March Mainstream Overview

In mainstream fiction this month, many of the stories focus on transition. Whether the characters were trying to deal with death in the family or becoming the person they always thought they could be, change is celebrated in all of its different forms across the genre. But when it comes to everyday changes, few are as daunting as making new friends out of strangers, the subject of Four of a Kind by Valerie Frankel, so we asked the author by to chat about the four heroines in her new release. We also round up a series trend and suggest an unusual new read and much more in this month's roundup!

Four of a Kind by Valerie Frankel 

The Orchid House by Lucinda Riley

Bridge of Scarlet Leaves by
Kristina McMorris

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March marks the end of winter and the beginning of spring, so it’s only fitting that several stories this month take on an important moment of transition: the loss of a loved one. In Rachel Hore’s A Place of Secrets, a widow tries to move on after her husband’s death and in the process stumbles onto a mystery of unexpected proportions at her job as an auction house appraiser. Meanwhile, Hilma Woltizer’s latest novel takes on the plight of a widower who is reluctant to start dating again, despite the fact that his friends and family all think he is An Available Man. And if you’re looking for a story that’s guaranteed to make you tear through a box of tissues, we suggest you try Lucinda Riley’s The Orchid House. The story follows heroine Julia Forrester who is struggling with the grief of losing both her husband and young son. Says RT’s Susan Mobley, “This is an intricate story of love, heartache and hope, as well as an intriguing mystery. Peopled with fascinating characters and giving a captivating and well-detailed look at the past, this is a story that once started, is hard to put down until it’s finished.” Hopefully, these three tales will leave you with new insight about a dark, difficult subject matter.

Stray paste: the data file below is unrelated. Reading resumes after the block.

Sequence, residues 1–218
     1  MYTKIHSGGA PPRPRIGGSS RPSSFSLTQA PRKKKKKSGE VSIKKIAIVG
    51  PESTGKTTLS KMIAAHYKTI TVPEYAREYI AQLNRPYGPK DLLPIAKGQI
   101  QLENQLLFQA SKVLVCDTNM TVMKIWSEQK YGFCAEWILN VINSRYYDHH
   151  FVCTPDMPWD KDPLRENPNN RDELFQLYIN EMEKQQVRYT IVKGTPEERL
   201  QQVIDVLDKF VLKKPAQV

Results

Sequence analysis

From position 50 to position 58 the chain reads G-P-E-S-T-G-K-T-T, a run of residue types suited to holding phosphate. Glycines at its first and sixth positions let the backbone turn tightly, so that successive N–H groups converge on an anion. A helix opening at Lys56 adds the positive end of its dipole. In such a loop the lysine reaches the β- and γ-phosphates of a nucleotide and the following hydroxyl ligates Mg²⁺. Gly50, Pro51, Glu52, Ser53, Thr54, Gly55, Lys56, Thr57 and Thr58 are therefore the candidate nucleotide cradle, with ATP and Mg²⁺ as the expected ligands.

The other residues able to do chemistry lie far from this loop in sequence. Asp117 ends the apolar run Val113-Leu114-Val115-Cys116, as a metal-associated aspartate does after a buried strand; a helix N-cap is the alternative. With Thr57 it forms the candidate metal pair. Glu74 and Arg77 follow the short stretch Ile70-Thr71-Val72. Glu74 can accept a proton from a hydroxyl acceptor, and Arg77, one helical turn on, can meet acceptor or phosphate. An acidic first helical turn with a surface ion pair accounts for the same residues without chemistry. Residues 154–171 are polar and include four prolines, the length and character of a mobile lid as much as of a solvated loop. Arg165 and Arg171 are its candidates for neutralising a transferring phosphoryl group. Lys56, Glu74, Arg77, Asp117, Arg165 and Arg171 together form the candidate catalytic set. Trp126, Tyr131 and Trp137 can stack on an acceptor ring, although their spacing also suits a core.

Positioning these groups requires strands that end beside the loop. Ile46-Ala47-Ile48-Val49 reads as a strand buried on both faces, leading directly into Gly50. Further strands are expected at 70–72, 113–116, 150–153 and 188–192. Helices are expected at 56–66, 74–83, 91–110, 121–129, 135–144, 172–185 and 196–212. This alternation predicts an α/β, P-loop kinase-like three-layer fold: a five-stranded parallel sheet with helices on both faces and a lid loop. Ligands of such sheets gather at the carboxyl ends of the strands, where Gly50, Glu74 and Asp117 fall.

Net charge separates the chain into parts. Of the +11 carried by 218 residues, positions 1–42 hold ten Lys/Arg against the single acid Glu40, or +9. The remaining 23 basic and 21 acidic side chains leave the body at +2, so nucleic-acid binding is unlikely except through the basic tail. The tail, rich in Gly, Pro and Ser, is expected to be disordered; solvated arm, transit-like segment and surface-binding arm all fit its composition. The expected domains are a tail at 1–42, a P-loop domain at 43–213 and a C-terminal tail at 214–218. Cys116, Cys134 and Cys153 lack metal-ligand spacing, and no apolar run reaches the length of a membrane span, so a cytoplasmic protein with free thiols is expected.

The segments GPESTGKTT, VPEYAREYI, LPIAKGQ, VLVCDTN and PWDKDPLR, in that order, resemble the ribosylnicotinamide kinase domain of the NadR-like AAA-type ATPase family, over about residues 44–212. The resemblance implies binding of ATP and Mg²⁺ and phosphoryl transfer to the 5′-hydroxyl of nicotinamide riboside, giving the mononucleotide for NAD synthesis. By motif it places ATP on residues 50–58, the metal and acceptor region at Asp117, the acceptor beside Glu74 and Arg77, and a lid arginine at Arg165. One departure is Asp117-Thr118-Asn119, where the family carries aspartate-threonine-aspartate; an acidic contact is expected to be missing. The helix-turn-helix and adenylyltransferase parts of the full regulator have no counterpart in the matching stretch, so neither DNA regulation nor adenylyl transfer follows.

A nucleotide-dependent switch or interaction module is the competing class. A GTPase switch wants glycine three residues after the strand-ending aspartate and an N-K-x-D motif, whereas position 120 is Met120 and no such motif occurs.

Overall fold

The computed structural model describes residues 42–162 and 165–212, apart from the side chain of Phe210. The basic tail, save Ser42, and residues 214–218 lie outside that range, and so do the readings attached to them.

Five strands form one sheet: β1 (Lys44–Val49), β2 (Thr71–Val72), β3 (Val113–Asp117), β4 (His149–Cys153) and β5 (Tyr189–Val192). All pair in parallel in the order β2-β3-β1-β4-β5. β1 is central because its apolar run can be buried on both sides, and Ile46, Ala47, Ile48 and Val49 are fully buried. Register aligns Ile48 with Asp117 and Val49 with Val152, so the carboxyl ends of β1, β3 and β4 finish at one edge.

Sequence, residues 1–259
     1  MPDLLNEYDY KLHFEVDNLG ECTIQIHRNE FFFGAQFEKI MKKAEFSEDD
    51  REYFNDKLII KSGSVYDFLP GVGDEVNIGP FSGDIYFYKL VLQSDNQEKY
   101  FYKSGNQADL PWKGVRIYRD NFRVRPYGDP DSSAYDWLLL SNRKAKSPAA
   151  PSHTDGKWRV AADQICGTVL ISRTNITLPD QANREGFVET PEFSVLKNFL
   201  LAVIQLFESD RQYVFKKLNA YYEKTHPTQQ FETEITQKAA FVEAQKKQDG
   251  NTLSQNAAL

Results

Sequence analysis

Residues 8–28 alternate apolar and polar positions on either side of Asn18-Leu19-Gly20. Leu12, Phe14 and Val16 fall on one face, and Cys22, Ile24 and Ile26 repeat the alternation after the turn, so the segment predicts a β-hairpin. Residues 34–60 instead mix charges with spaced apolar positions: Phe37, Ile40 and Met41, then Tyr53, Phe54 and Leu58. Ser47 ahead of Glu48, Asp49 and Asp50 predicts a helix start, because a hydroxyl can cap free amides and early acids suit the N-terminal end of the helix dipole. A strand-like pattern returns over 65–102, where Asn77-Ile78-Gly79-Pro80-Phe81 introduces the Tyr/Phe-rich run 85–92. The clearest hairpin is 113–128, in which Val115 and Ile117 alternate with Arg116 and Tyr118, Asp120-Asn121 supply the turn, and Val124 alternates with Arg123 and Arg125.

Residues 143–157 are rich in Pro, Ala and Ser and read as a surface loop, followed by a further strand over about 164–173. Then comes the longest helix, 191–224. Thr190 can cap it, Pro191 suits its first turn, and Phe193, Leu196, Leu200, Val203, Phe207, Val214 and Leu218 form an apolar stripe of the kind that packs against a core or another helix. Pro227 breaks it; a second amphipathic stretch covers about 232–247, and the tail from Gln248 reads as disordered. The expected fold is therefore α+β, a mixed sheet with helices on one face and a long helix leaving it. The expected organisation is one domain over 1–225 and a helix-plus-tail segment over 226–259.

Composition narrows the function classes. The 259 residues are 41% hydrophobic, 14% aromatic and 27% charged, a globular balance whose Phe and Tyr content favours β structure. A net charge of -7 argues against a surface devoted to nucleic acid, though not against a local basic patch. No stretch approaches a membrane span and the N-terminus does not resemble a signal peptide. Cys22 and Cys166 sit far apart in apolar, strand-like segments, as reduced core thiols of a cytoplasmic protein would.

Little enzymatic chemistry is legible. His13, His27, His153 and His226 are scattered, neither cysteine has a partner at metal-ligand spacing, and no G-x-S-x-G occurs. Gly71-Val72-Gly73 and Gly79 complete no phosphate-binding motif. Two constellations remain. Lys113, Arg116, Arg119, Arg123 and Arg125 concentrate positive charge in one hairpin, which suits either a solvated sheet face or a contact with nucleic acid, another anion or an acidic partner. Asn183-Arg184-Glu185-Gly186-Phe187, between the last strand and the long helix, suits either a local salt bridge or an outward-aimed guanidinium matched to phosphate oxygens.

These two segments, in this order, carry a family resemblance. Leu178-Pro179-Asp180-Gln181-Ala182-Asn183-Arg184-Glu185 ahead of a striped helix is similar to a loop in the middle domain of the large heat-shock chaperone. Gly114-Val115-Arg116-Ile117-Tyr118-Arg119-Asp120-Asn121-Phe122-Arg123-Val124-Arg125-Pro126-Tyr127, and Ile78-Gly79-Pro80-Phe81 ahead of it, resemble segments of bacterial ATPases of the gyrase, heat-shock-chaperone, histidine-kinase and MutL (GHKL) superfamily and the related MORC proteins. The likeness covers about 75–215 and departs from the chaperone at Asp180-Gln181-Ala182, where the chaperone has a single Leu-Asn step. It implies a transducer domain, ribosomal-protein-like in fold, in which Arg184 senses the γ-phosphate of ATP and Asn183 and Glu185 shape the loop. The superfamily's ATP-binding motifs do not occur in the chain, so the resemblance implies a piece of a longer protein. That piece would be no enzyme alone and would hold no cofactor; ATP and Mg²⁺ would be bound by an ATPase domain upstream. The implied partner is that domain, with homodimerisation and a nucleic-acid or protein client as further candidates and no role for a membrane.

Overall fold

The mood in mainstream isn’t all gloomy. In fact, one vibrant bright spot in this month’s new releases is the a fun, fairytale-esque story from Rowan Coleman, Lessons in Laughing Out Loud. The heroine in this book is a thirty-six-year-old, size eighteen, divorcee named Williow Briar. Willow has spent most of her time growing her career as a talent agent, and when she's not at work she hangs out with her platonic best friend Daniel and her skinny twin sister. But everything changes when Willow acquires a pair of fantastic shoes from a local thrift store. Who knew new footware could inspire such a change? This tale of self-discovery is sure to have you pruning of your closet in advance of a springtime shopping spree. (And doesn't this adorable cover almost seems to shout, “Vive la Season!”?)


The newest novel from Valerie Frankel, the aptly titled Four of a Kind, features four Brooklyn mothers who come together to form the Diversity Committee for their children’s schools. They seem like polar oposites, so in an attempt to break the ice, they play a special game of poker — instead of trading chips they trade secrets. The story a beautiful ode to the power of friendship and is told through each woman’s point of view, truly illustrating the way that a few hours together can inspire big changes.

Before you make friends with the Four of a Kind quartet, we asked Frankel to introduce these four ladies, Bess, Alicia, Robin and Carla. The author also shares a secret that she knows about each of her characters which didn’t make it into the book …

“A 40-year-old beautiful blonde with four kids, a big gorgeous house and a rich, handsome husband, Bess represents the women others might look at jealously and assume she has a perfect life. But Bess has her fair share of troubles. Her teenage daughter Amy and second-wave feminist mother Simone have teamed up against Bess. Her daughter resents her Mom, and feels misunderstood. Simone is embarrassed by Bess's choice to become a housewife. Bess struggles with the choice herself. She compares herself to other women, too, and admires those with careers, or something else that is wholly theirs, and unconnected to family and home. The first secret she tells the other players at the poker game: That her mother, a famous author and inspiration speaker, considers her life of domesticity a waste. A secret Bess doesn't share with her friends: When she was in high school and college, she was a bit of a slut, seeking approval and attention from men she didn't get at home, with a deceased father and neglectful mother.